That really brings me to my final point about this effort.  Foreigner is, sadly, no more than a cover band...a tribute to this point.  Yeah, yeah, Mick Jones owns the band's name and was the founder, blah, blah, blah...but come on.  With only one studio album in the past decade (2009's solid-yet-unspectacular, Can't Slow Down), but seemingly limitless amounts of repackagings, live albums, remasters, acoustic albums, and now a symphonic rendering of classic hits, Foreigner is far more of a cash cow milking machine than KISS could EVER be accused of being.  Seriously.  The band has released exactly nine studio albums (7 with Gramm), but has managed seven live albums (only ONE with Gramm), and more than 15 compilation albums/hits packages.  At what point does humility kick in for Jones?  My guess is never, and the band is once again out on tour and will likely be showing up at a county fair near you very soon.

The tracklisting here is decent, aside from the couple of massive hits on the DVD that didn't make the CD set, and the CD has a lot of crowd fade-ins and fade-outs where songs were obviously moved around.  I honestly don't understand the reasoning for this, as I don't see how it could have made that much difference.  There is very little interaction with the audience here, but the crowd is enthusiastic in their response to several of the performances here, so I guess they enjoyed what they were hearing.  The band's performace is solid, but their stage presence (yes, I actually watched most of the DVD, which is uncommon, but, Foreigner is a favorite of mine...) is pretty stoic for the most part, without a ton of activity.  To be fair, this has largely been standard for the band in live shows for the past decade or more, also, although Hansen usually is a bit more animated live than he was on this DVD set.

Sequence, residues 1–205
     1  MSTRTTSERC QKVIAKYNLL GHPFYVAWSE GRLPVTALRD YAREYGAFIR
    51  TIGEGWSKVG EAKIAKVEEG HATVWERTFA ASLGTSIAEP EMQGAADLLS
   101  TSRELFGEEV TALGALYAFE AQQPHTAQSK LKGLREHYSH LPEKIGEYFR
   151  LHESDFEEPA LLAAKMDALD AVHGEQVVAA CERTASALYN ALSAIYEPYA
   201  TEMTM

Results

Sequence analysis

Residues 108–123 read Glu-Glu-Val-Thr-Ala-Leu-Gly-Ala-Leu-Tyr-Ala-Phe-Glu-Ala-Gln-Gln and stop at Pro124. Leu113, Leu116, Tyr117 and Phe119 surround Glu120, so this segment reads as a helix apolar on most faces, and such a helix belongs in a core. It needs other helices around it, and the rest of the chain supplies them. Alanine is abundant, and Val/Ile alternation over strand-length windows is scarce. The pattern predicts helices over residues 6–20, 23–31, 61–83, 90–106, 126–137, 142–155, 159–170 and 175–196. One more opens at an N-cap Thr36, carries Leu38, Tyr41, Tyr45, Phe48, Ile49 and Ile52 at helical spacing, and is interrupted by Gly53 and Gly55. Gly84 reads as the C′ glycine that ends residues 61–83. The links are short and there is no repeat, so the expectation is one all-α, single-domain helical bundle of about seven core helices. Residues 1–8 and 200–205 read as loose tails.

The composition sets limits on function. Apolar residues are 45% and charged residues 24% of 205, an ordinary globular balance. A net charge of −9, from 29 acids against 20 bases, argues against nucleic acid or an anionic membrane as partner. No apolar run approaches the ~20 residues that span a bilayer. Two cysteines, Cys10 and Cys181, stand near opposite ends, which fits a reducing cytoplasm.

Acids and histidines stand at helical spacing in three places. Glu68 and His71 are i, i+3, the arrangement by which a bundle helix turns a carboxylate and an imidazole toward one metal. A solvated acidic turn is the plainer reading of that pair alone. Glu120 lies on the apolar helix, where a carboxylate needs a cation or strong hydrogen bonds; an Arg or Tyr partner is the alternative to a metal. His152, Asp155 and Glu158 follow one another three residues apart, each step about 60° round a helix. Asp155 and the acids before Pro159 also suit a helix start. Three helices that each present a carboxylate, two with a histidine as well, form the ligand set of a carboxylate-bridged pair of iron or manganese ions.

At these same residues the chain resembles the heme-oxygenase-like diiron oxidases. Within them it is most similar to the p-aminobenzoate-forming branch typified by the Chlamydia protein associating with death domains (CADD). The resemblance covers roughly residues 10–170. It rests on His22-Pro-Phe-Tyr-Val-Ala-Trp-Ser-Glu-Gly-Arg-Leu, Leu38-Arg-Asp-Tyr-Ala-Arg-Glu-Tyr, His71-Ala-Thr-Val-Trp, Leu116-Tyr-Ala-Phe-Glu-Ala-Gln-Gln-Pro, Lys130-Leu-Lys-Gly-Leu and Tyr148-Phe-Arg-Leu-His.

To be fair, this Foreigner is musically talented, and several members have been on board for more than a decade now, with Gimble joining on in 1992, and Pilson, Hansen, and Bluestein each joining in 2004, 2005, and 2008, respectively.  But without Gramm (1976-90, 1992-2003), Dennis Elliott (drums 1976-1992), and Rick Wills (bass 1979-1991), this isn't Foreigner.  I have seen the band numerous times, as early as 1984 and as recently as 2016, and there is little comparison.  Sure, the songs are the same, but the feel...the magic...isn't there now, and the band certainly doesn't garner the ticket price that is frequently attached to a Foreigner show these days.  

So, is this newest effort worth picking up?  If you are looking for a live album from this version of Foreigner, I would say stick with 2014's Best Of Foreigner 4...And MoreIf you are looking for live renditions of the BEST version of the band, you would have to go back to 1993's Classic Hits Live (also packaged as Best Of Live).  And if you wanted the best versions of most of these songs, I'd just get 1992's complilation, The Very Best...And Beyond.  But, for me, much like Asia's Symphonia effort from last year, there is little in the inclusion of an orchestra and chorus that makes much difference in the overall sound of most of the material here.  At least with Asia, that live album would, sadly, be the last time the band would record with John Wetton, and 3 of the original 4 members of that band were on board for that band's release.  I guess I just don't see any reason to own Foreigner With The 21st Century Symphony Orchestra & Chorus unless you are an absolute completist who just has to have everything this band...regardless of who is in it...puts out.

Rating:  Musically, not horrible, but not executed to its fullest pontential.  Rock this at a 6, but seriously, there is no reason to spend the money on this set.